High LDL (bad) cholesterol levels are linked to amyloid plaque deposits, a signature characteristic of Alzheimer’s disease. On the other hand, high levels of ‘good’ HDL cholesterol and low levels of LDL cholesterol have been found to correlate with lower amyloid plaque deposits in the brain.
Lead study author Bruce Reed said, “Our study shows that both higher levels of HDL — good — and lower levels of LDL — bad — cholesterol in the bloodstream are associated with lower levels of amyloid plaque deposits in the brain. Unhealthy patterns of cholesterol could be directly causing the higher levels of amyloid known to contribute to Alzheimer’s, in the same way that such patterns promote heart disease.”
The correlation between the risk of Alzheimer’s disease and elevated bad cholesterol levels has been known for quite some time, but this is the first study to specifically link cholesterol with amyloid plaque buildup.
Charles DeCarli, author of the study, added, “If you have an LDL above 100 or an HDL that is less than 40, even if you’re taking a statin drug, you want to make sure that you are getting those numbers into alignment. You have to get the HDL up and the LDL down.” He noted that these findings are a real wake-up call, reinforcing the importance of maintaining healthy cholesterol levels extending beyond just the heart health.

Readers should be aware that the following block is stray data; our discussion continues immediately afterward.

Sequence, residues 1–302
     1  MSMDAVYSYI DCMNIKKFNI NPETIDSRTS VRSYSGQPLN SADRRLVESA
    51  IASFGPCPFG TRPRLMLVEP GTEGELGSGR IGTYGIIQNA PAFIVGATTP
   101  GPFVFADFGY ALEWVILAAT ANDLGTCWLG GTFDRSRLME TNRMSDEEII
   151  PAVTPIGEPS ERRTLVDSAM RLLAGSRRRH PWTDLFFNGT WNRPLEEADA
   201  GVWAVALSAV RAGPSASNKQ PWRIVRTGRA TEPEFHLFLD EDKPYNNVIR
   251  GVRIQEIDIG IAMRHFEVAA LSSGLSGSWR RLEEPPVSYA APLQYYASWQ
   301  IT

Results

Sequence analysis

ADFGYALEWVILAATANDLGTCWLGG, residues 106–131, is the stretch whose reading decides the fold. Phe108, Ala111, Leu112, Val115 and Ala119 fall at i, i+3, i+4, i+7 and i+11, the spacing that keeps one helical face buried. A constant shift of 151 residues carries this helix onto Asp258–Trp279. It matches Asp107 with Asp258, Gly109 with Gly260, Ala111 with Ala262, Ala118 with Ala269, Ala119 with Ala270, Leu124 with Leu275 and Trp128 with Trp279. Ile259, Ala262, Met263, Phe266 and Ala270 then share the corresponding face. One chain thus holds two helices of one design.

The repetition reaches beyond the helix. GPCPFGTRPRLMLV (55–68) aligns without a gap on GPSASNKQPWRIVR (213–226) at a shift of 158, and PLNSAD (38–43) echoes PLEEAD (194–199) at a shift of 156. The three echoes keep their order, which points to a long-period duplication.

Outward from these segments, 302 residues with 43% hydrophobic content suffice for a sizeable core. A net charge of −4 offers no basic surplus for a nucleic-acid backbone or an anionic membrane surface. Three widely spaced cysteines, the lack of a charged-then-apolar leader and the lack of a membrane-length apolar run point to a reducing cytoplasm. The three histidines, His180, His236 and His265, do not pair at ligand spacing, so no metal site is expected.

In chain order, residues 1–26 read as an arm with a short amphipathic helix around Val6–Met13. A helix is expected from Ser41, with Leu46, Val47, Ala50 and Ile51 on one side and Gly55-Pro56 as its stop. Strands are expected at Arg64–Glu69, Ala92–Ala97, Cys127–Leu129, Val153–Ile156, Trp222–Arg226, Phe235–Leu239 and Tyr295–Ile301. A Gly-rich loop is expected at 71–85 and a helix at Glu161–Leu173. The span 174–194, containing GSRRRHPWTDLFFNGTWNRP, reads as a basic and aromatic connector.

The study was conducted on 74 males and females over the age of 70. There were participants with mild dementia, with normal cognitive function, and with mild cognitive impairment.
The researchers observed amyloid plaque buildup through PET scans. Higher LDL and lower HDL cholesterol levels were associated with a greater amyloid plaque buildup in the brain. The mechanisms behind this association are still unknown.
Reed added, “This study provides a reason to certainly continue cholesterol treatment in people who are developing memory loss, regardless of concerns regarding their cardiovascular health. It also suggests a method of lowering amyloid levels in people who are middle aged, when such buildup is just starting. If modifying cholesterol levels in the brain early in life turns out to reduce amyloid deposits late in life, we could potentially make a significant difference in reducing the prevalence of Alzheimer’s, a goal of an enormous amount of research and drug development effort.”
There are numerous studies that suggest an association between cholesterol and Alzheimer’s disease. Understanding this link is important for developing better strategies to reduce the risk of Alzheimer’s disease. The researchers have identified a gene known as APOE4 that increases the risk of Alzheimer’s disease and impacts the processing of cholesterol in the body.
Scientists are hopeful that further research into the nature of APOE4 could render greater insight on the possible role that cholesterol plays in the development of Alzheimer’s disease.
Past studies have suggested that statins may also increase the risk of short-term cognitive impairment, as some patients on this medication report memory loss and confusion. However, a large meta-analysis study found that patients taking statins actually had a 29 percent lower risk of developing dementia, once again reaffirming that low LDL can protect a person’s brain against Alzheimer’s disease.
More research is required to further explore the association between Alzheimer’s disease and cholesterol.